In the original fairy tale, our little mermaid does not get her prince. Instead, she has her tongue cut out by a sea witch in exchange for human legs that bleed each time she walks on them in order to be with a human prince who lives on land. Despite this painful and gory sacrifice, our heroine endures the heartbreak of her prince, whose life she had saved when out at sea, marrying another woman from his own class.

The heroics in the tale concern the little mermaid being offered a chance to return to the sea to her family and to get her tongue back, if she would only pierce a sword through the heart of her beloved. She chooses instead to spare his life, and so she fades away from existence into sea foam. In some versions of the story, the little mermaid gains a soul for her altruistic deed and ascends into heaven as an angel.  

This allegory of unbridgeable differences—between water and land, mermaid and human, gay and straight, rich and poor, Black and white—gets a poignant remake in Trinidadian-born author Rosa Guy’s My Love, My Love, or the Peasant Girl. Guy’s revisionist story appeared four years before Disney’s animation and was adapted a year after the animation film into the Broadway musical Once on This Island. Guy infused Andersen’s tale with a Caribbean sensibility even before Disney’s film—the latter choosing a happy ending in which its heroine, named Ariel, gets her prince.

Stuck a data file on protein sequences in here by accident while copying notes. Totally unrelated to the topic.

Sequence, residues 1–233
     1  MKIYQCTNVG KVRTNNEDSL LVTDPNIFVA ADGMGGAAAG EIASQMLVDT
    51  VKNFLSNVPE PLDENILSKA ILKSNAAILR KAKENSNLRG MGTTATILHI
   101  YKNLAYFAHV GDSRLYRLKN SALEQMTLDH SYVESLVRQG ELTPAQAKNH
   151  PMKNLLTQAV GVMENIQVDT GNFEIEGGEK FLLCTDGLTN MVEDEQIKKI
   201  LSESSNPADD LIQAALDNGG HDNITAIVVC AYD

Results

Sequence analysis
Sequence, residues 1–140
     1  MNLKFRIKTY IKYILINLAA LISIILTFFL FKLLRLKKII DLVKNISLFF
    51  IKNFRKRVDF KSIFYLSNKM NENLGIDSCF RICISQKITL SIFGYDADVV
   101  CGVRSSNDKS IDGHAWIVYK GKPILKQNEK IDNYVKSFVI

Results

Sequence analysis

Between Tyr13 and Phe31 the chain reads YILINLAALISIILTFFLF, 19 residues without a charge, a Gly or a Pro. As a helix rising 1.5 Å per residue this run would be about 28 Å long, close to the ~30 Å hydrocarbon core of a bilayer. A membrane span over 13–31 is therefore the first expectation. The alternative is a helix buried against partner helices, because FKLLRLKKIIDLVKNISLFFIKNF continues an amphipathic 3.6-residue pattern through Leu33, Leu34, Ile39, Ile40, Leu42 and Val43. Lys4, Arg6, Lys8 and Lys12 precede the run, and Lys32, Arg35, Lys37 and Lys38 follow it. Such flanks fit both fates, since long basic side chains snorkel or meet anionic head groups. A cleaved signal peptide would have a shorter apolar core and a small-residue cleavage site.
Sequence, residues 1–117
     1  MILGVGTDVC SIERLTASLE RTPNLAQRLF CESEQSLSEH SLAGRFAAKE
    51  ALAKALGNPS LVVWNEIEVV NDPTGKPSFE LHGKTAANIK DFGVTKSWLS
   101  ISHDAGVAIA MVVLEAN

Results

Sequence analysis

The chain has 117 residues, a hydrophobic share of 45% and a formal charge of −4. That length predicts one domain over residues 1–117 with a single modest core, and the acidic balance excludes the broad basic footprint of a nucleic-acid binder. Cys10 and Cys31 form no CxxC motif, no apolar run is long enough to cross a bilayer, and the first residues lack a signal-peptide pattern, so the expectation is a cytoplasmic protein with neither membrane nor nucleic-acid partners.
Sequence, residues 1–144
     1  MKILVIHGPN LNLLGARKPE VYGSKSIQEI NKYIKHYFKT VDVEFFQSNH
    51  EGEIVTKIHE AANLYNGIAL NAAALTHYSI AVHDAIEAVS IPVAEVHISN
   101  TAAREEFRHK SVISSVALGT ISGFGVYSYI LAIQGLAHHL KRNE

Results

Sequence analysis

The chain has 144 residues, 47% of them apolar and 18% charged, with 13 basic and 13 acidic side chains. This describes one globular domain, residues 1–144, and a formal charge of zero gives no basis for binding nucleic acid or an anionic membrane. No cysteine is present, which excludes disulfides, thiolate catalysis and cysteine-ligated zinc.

Offering a postcolonial rift on Andersen’s tale, Guy sets her story on the island of Haiti, where her dark-skinned peasant heroine, Desiree Dieu-Donne, falls in love with a young light-skinned Creole man of an elite class, whose life she saves. The magical elements of Andersen’s tale are replaced with a pantheon of Vodou gods, including Erzulie, love goddess who is also associated with the sea. Desiree, too, meets a tragic end when her lover marries a woman of a similar color and class.

Given the cultures of the Caribbean—not just in the proliferation of water spirits from Vodou, Santeria, and Lucumí but also in the sea-faring adventures of pirates, sailors, merchants and explorers like Christopher Columbus, who once wrote of seeing three mermaids off the coast of Haiti in 1493—the mermaid is a convenient framework for cultural fantasy. Indeed, her very hybridity as half-human, half-fish serves as a crucial nexus between land and sea as well as cultures and races colliding in these transatlantic encounters.